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Stepper stopped stepping


I used to have a functional stepper motor setup for quite a whilte, but something went wrong when I was poking around and parts got hot and it failed to step. I tried replacing everything. It no longer gets hot, but it fails to step.

The driver is DRV8825:

And Ive also tested 2 different stepper motors.
Latest being similar to:

Ive checked my wiring a dozen times, but the motor locks in position (and hisses / buzzes), on power up but never steps.
Ive checked the step input with a scope, and is a solid square wave, very slowly ramping up.

The inputs to the DRV8825 are:

n.c (nEnable) ---------------- (vmot) +24V (220uF / 50V cap connected to gnd)
GND (m0) ----------------- (gnd) GND
GND (m1) ----------------- (B2) motor green
GND (m2) ----------------- (B1) motor black
+5 (nReset) ----------------- (A1) motor red
+5 (nSleep) ----------------- (A2) motor blue
(pulse) (step) ----------------- (fault) n.c
+5 (dir) ----------------- (gnd) GND (motor + logic gnds tied together)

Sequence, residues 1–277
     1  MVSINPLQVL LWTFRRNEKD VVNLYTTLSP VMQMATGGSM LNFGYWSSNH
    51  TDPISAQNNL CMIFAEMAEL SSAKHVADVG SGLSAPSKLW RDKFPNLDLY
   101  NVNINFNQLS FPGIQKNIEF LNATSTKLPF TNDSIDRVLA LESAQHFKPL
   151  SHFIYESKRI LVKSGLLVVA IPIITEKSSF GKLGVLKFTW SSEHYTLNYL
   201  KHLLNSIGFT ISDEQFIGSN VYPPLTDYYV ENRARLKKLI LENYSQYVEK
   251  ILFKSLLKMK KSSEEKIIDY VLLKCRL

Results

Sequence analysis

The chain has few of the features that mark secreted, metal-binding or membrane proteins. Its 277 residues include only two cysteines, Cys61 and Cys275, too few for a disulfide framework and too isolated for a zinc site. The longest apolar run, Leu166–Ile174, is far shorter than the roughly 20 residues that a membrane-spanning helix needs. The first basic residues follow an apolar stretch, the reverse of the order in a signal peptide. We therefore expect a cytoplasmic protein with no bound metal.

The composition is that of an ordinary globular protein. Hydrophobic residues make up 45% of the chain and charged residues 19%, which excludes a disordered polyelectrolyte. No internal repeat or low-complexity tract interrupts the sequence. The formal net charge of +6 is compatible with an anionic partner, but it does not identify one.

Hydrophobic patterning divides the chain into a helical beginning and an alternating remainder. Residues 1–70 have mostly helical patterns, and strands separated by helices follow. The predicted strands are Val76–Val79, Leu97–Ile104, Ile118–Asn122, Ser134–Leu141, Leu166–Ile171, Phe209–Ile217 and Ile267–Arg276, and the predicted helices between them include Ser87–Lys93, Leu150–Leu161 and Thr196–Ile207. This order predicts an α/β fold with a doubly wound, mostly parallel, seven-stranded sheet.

The strange thing is the pot-voltage is 1.04V and the current winding (with step input tied) is 1.04A, shouldn’t one be double the other?
I am measuring the voltage right on the pot (was told this was identical to VREF via).
Though measuring at the via itself (the only circle I find), reports 24V.
That seems very wrong.

Any hints appreciated, its driving me nuts!



Hello, Rob.

I am sorry your stepper motor system is not working. The voltage on VREF should not exceed 3.3V, so measuring 24V there is not good. Where did you get your DRV8825 carrier from? Can you post pictures that clearly show the components on the top of the board and your connections?



Ive stripped out the default inputs to help narrow it down.
It still starts up, jumping to one specific step of 4.
But will not step to any other position.

In the picture:

The purple,purple,white,white go to the bipolar motor

The blue lead to a microcontroller stepping pulse (verified in previous projects + scope, starts slow).